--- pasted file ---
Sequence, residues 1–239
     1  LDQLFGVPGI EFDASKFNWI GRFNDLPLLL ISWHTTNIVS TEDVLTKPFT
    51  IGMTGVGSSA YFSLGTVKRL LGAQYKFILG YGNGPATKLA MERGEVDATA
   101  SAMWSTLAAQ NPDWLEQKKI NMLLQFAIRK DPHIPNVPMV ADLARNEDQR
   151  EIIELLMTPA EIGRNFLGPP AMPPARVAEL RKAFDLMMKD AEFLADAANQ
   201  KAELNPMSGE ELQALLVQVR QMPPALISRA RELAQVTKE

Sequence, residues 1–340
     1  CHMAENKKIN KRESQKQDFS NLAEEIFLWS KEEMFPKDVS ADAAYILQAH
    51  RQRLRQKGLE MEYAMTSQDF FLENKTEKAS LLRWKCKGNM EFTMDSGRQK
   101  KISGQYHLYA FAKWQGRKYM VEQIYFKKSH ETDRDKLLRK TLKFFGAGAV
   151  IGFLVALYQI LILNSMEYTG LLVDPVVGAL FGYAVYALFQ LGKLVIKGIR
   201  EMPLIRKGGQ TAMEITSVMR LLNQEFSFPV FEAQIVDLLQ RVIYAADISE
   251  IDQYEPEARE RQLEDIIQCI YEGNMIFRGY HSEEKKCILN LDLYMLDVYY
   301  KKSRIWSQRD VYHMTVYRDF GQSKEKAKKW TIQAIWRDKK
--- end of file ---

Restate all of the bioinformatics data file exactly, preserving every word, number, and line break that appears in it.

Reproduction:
Sequence, residues 1–239
     1  LDQLFGVPGI EFDASKFNWI GRFNDLPLLL ISWHTTNIVS TEDVLTKPFT
    51  IGMTGVGSSA YFSLGTVKRL LGAQYKFILG YGNGPATKLA MERGEVDATA
   101  SAMWSTLAAQ NPDWLEQKKI NMLLQFAIRK DPHIPNVPMV ADLARNEDQR
   151  EIIELLMTPA EIGRNFLGPP AMPPARVAEL RKAFDLMMKD AEFLADAANQ
   201  KAELNPMSGE ELQALLVQVR QMPPALISRA RELAQVTKE

Sequence, residues 1–340
     1  CHMAENKKIN KRESQKQDFS NLAEEIFLWS KEEMFPKDVS ADAAYILQAH
    51  RQRLRQKGLE MEYAMTSQDF FLENKTEKAS LLRWKCKGNM EFTMDSGRQK
   101  KISGQYHLYA FAKWQGRKYM VEQIYFKKSH ETDRDKLLRK TLKFFGAGAV
   151  IGFLVALYQI LILNSMEYTG LLVDPVVGAL FGYAVYALFQ LGKLVIKGIR
   201  EMPLIRKGGQ TAMEITSVMR LLNQEFSFPV FEAQIVDLLQ RVIYAADISE
   251  IDQYEPEARE RQLEDIIQCI YEGNMIFRGY HSEEKKCILN LDLYMLDVYY
   301  KKSRIWSQRD VYHMTVYRDF GQSKEKAKKW TIQAIWRDKK